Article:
Difference between revisions of "Prelude extensions"
m (added link to Prelude function suggestions) 
RossPaterson (talk  contribs) (make Matrix definition portable) 

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See also [[pointfreepointfree]] programming. 
See also [[pointfreepointfree]] programming. 

−  == 
+  == Matrices == 
−  
−  Sometimes you just want to multiply 2 matrices, like 

−  
−  [[1,2],[3,4]]*[[1,2],[3,4]] 

−  
−  The following makes it possible, but requires fglasgowexts : 

+  A simple representation of matrices is as lists of lists of numbers: 

<haskell> 
<haskell> 

⚫  
+  newtype Matrix a = Matrix [[a]] deriving (Eq, Show) 

⚫  
⚫  
−  negate = map (map negate) 

−  (*) x y = map (matrixXvector x) y 

−  where 

−  matrixXvector m v = foldl vectorsum (repeat 0) $ zipWith vectorXnumber m v 

−  vectorXnumber v n = map (n*) v 

−  vectorsum x y = zipWith (+) x y 

</haskell> 
</haskell> 

−  
+  These matrices may be made an instance of <hask>Num</hask> 

−  Or, in a more elegant way: 

+  (though the definitions of <hask>abs</hask> and <hask>signum</hask> are just fillers): 

−  
<haskell> 
<haskell> 

−  import Data.List 

⚫  
−  
⚫  
−  instance Num a => Num [[a]] where 

⚫  
−  (+) = zipWith (zipWith (+)) 

+  Matrix as * Matrix bs = 

−  () = zipWith (zipWith ()) 

+  Matrix [[sum $ zipWith (*) a b  b < transpose bs]  a < as] 

−  negate = map (map negate) 
+  negate (Matrix as) = Matrix (map (map negate) as) 
−  +  fromInteger x = Matrix (iterate (0:) (fromInteger x : repeat 0)) 

+  abs m = m 

+  signum _ = 1 

+  </haskell> 

+  The <hask>fromInteger</hask> method builds an infinite matrix, but addition and subtraction work even with infinite matrices, and multiplication works as long as either the first matrix is of finite width or the second is of finite height. 

+  Applying the linear transformation defined by a matrix to a vector is 

+  <haskell> 

+  apply :: Num a => Matrix a > [a] > [a] 

+  apply (Matrix as) b = [sum (zipWith (*) a b)  a < as] 

</haskell> 
</haskell> 

Revision as of 22:34, 9 May 2007
Sorted lists
The following are versions of standard prelude functions, but intended for sorted lists. The advantage is that they frequently reduce execution time by an O(n). The disadvantage is that the elements have to be members of Ord, and the lists have to be already sorted.
 Eliminates duplicate entries from the list, where duplication is defined
 by the 'eq' function. The last value is kept.
sortedNubBy :: (a > a > Bool) > [a] > [a]
sortedNubBy eq (x1 : xs@(x2 : _)) =
if eq x1 x2 then sortedNubBy eq xs else x1 : sortedNubBy eq xs
sortedNubBy _ xs = xs
sortedNub :: (Eq a) => [a] > [a]
sortedNub = sortedNubBy (==)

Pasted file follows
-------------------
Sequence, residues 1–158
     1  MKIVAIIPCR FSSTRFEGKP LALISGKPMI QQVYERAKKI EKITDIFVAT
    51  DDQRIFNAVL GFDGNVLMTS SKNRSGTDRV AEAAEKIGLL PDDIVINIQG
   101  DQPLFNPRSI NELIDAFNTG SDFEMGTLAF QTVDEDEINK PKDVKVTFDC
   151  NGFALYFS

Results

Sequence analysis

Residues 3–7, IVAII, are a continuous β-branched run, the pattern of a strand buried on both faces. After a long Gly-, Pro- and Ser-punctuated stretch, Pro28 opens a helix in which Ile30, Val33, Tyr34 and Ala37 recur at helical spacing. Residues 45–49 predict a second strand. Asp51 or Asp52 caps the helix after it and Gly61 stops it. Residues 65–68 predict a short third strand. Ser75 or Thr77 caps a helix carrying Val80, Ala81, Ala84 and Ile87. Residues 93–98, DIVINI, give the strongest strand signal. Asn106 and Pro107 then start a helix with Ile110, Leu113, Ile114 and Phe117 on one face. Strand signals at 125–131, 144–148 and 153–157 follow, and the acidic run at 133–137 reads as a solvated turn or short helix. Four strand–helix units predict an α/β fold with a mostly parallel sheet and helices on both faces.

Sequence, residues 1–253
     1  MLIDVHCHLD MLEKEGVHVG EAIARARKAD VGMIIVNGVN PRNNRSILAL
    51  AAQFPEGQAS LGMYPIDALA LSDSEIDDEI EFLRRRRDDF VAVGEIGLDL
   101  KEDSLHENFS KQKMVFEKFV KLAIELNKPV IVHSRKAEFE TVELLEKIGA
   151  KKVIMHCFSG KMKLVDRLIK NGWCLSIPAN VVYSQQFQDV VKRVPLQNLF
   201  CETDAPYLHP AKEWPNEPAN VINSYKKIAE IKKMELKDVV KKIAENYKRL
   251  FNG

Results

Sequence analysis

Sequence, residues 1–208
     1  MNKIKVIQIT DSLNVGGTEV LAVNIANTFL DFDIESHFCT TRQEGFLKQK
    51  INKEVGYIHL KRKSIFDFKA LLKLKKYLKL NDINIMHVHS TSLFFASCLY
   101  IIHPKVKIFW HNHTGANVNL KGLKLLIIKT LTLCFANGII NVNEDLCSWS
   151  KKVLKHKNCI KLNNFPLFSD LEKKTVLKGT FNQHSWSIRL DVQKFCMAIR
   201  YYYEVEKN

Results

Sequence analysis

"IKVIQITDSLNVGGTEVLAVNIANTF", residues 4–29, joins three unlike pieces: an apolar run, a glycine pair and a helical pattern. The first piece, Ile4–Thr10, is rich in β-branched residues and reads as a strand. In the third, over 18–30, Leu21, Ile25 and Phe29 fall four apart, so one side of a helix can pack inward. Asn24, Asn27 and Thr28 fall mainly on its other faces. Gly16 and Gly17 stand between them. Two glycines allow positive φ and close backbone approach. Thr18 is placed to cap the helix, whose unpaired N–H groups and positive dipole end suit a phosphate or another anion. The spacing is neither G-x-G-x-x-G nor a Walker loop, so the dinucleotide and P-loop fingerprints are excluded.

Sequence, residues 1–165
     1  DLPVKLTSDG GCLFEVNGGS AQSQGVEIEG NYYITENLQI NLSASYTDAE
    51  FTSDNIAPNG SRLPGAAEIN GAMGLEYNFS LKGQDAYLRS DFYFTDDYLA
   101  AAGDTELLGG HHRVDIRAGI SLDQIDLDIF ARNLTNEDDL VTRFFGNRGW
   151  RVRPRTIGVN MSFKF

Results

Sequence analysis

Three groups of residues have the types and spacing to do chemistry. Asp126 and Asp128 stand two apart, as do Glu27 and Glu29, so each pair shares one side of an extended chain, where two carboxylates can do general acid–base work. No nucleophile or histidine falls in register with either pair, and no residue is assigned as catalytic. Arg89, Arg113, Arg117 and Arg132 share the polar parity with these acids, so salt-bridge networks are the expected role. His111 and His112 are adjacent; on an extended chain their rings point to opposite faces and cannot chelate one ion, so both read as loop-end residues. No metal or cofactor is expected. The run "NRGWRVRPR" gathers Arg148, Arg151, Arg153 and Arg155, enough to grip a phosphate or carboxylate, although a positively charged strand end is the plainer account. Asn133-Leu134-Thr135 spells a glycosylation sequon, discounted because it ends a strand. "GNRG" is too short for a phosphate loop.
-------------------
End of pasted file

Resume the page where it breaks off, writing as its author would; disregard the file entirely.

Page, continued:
Merge two sorted lists into a new sorted list. Where elements are equal
 the element from the first list is taken first.
mergeBy :: (a > a > Ordering) > [a] > [a] > [a]
mergeBy cmp xs@(x1:xs1) ys@(y1:ys1) =
if cmp x1 y1 == GT
then y1 : mergeBy cmp xs ys1
else x1 : mergeBy cmp xs1 ys
mergeBy _ [] ys = ys
mergeBy _ xs [] = xs
merge :: (Ord a) => [a] > [a] > [a]
merge = mergeBy compare
Tuples
It is often necessary to apply functions to either the first or the second part of a pair. This is often considered a form of mapping (like map from Data.List).
  Apply a function to the first element of a pair
mapFst :: (a > c) > (a, b) > (c, b)
mapFst f (a, b) = (f a, b)
  Apply a function to the second element of a pair
mapSnd :: (b > c) > (a, b) > (c, b)
mapSnd f (a, b) = (a, f b)
  Apply a function to both elements of a pair
mapPair :: (a > c, b > d) > (a, b) > (c, d)
mapPair (f, g) (a, b) = (f a, g b)
Data.Graph.Inductive.Query.Monad module (section Additional Graph Utilities) contains mapFst
, mapSnd
, and also a function ><
corresponding to mapPair
. Another implementation of these functions in the standard libraries: using first
, second
, ***
arrow operations overloaded for functions (as special arrows), see Control.Arrow module, or Arrow HaskellWiki page.
See also pointfree programming.
Matrices
A simple representation of matrices is as lists of lists of numbers:
newtype Matrix a = Matrix [[a]] deriving (Eq, Show)
These matrices may be made an instance of Num
(though the definitions of abs
and signum
are just fillers):
instance Num a => Num (Matrix a) where
Matrix as + Matrix bs = Matrix (zipWith (zipWith (+)) as bs)
Matrix as  Matrix bs = Matrix (zipWith (zipWith ()) as bs)
Matrix as * Matrix bs =
Matrix [[sum $ zipWith (*) a b  b < transpose bs]  a < as]
negate (Matrix as) = Matrix (map (map negate) as)
fromInteger x = Matrix (iterate (0:) (fromInteger x : repeat 0))
abs m = m
signum _ = 1
The fromInteger
method builds an infinite matrix, but addition and subtraction work even with infinite matrices, and multiplication works as long as either the first matrix is of finite width or the second is of finite height.
Applying the linear transformation defined by a matrix to a vector is
apply :: Num a => Matrix a > [a] > [a]
apply (Matrix as) b = [sum (zipWith (*) a b)  a < as]
Data.Either extensions
import Data.Either
either', trigger, trigger_, switch :: (a > b) > (a > b) > Either a a > Either b b
either' f g (Left x) = Left (f x)
either' f g (Right x) = Right (g x)
trigger f g (Left x) = Left (f x)
trigger f g (Right x) = Left (g x)
trigger_ f g (Left x) = Right (f x)
trigger_ f g (Right x) = Right (g x)
switch f g (Left x) = Right (f x)
switch f g (Right x) = Left (g x)
sure :: (a>b) > Either a a > b
sure f = either f f
sure' :: (a>b) > Either a a > Either b b
sure' f = either' f f